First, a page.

TEA applauds preliminary victory in prohibited concepts lawsuit

U.S. District Court Judge Aleta Trauger recently rejected the state's request to dismiss the lawsuit filed by TEA and five Tennessee teachers contesting a vague, three-year-old state law that affects teaching about race, gender, and bias. 


"This ruling is an important preliminary victory for Tennessee’s public school teachers and students, and it has been applauded nationwide. We look forward to what we hope will be an equally successful outcome on the merits," said TEA President Tanya T. Coats. 


In 2021 the legislature passed, and Gov. Bill Lee signed into law, Tenn. Code Ann. § 49-6-1019, and the commissioner of education subsequently promulgated regulations to implement that statute. Together, the statute and regulations are commonly referred to as the “Prohibited Concepts Ban.” The ban applies to Tennessee public schools and public charter schools. The ban prohibits the “inclu[sion] or promot[ion]” of fourteen “prohibited concepts” dealing with race, gender, and other subjects. Those concepts are so vaguely written that some of them could make it impossible for teachers to satisfy various subject area standards without potentially running afoul of some prohibited concept. The ban threatens subjective enforcement proceedings that can be initiated by any parent, student, or public school employee. Those enforcement proceedings can result in teacher discipline, including termination and license suspension or revocation, as well as a loss of school funds.


TEA, along with five individual teachers from across the state, filed a lawsuit in the U.S. District Court for the Middle District of Tennessee, asking the court to declare that the ban is unconstitutionally vague, in violation of the Due Process Clause of the 14th Amendment to the U.S. Constitution. The lawsuit was filed pursuant to the federal Civil Rights Act, 42 U.S.C. § 1983, under which a person can sue a state actor for violating the person’s rights under federal law or the U.S. Constitution. The state filed a motion to dismiss, claiming that TEA and the five individual plaintiffs lacked “standing” to pursue their claims and that the lawsuit failed to state a claim on which relief could be granted. After briefing by both sides, the court took the state’s motion under advisement.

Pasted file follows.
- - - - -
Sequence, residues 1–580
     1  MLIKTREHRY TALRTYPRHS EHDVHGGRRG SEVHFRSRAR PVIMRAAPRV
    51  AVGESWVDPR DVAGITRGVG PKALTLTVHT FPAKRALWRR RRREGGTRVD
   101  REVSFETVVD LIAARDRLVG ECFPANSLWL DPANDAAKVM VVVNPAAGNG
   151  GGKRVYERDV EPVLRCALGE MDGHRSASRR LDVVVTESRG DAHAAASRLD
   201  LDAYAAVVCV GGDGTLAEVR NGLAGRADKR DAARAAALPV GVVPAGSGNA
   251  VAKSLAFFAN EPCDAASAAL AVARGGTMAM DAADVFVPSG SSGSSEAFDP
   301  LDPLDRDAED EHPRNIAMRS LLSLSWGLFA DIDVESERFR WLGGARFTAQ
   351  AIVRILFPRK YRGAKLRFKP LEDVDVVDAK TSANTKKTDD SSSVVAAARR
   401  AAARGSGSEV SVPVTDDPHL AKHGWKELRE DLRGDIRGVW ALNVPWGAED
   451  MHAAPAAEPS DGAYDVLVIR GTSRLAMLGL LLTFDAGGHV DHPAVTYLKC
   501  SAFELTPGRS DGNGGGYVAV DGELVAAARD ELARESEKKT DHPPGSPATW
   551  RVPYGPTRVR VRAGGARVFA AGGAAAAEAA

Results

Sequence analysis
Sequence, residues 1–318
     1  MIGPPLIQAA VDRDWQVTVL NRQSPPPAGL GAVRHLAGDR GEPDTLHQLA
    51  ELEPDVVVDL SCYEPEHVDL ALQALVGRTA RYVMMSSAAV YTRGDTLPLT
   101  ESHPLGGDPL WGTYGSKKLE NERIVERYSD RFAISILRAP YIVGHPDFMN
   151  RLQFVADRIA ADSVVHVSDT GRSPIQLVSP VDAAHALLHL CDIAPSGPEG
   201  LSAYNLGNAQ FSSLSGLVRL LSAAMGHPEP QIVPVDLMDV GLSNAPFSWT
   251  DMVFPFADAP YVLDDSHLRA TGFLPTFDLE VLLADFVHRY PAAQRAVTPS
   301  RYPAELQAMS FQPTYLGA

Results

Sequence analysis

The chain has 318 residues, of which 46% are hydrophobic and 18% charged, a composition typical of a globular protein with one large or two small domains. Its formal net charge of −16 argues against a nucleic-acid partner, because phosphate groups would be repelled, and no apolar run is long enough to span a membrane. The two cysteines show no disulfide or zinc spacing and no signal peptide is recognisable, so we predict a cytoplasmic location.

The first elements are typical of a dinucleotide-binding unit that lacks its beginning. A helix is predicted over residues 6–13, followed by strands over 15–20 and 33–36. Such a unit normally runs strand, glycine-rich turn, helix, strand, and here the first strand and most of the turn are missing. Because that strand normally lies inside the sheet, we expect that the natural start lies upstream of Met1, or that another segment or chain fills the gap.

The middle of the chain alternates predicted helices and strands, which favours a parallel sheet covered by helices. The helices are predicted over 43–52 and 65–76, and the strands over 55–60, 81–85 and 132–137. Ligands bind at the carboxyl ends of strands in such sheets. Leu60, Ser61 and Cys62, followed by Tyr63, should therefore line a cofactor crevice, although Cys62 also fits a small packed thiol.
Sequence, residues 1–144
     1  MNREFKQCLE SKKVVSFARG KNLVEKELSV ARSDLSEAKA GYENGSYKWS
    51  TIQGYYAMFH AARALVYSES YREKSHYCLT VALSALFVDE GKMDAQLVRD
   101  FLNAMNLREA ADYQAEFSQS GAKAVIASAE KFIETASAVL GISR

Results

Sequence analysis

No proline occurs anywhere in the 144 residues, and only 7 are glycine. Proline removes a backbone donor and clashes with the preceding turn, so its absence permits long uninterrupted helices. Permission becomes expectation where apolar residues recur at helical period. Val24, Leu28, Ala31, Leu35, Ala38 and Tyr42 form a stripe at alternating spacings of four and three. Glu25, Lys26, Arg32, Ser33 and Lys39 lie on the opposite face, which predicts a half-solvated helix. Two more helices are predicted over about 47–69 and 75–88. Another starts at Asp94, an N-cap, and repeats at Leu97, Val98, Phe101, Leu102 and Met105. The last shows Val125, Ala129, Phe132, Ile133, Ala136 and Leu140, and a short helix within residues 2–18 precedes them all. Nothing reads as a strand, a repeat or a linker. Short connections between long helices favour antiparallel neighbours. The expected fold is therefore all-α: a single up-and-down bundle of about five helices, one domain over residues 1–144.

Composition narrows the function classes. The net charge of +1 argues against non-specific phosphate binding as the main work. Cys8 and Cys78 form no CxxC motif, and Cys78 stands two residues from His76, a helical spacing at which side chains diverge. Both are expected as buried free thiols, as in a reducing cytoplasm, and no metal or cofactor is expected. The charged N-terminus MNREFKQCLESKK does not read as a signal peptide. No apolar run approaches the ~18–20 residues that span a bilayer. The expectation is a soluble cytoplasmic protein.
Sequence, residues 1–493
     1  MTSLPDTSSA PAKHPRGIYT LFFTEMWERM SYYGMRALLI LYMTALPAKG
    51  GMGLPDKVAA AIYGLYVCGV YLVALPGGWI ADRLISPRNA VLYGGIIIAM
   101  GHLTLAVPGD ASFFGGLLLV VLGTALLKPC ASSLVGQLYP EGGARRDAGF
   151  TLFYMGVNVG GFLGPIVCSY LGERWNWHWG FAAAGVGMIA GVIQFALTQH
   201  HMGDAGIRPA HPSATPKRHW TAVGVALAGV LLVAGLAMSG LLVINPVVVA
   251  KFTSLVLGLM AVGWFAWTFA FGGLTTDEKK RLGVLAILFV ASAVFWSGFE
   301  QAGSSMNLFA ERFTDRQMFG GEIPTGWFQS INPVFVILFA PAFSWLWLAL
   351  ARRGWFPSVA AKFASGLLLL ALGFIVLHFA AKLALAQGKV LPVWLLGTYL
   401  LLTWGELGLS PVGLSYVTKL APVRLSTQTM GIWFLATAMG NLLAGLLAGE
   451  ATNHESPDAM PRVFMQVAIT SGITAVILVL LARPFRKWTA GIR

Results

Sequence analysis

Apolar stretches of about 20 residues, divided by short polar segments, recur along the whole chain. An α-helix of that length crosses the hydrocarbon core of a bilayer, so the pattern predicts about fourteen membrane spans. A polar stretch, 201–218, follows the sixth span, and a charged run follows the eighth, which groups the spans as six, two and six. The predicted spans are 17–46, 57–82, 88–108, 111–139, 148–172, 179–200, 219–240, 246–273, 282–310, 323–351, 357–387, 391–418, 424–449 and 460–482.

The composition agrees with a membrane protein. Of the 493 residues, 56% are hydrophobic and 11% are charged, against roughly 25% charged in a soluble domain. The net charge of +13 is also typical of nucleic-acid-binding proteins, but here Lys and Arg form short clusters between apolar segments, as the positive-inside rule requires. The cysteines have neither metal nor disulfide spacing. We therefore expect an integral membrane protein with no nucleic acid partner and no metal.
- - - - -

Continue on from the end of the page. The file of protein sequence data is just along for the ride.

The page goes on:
On May 2, 2024, the court denied the state’s motion to dismiss. In a thorough 50-page opinion, the court rejected each of the state’s contentions and concluded:


“There is nothing inherently wrong with applying curriculum standards surrounding controversial topics. The state of Tennessee has, has always had, and will continue to have, tools that permit it to do so. It uses those tools already on countless topics, from how students will learn math, to what language skills they should develop, to what qualifies as established science worthy of being taught in schools. What the state of Tennessee did here, however, was to bypass those ordinary tools altogether in favor of a parallel system, applicable only to a handpicked set of political viewpoints, that sacrifices collaboration and workability in favor of ideological combat. All that the plaintiffs have asked is that, if the state of Tennessee chooses that route, it should at least do so clearly enough that educators can have some bare minimum of notice regarding what it takes to actually steer clear of violating the Act and some bare minimum of restraint on the Commissioner’s power to impose her views on the students and teachers of the state. The Constitution grants them the right to expect that, and § 1983 grants them the right to ask a court to enforce that expectation. There is, therefore, no basis for dismissal.”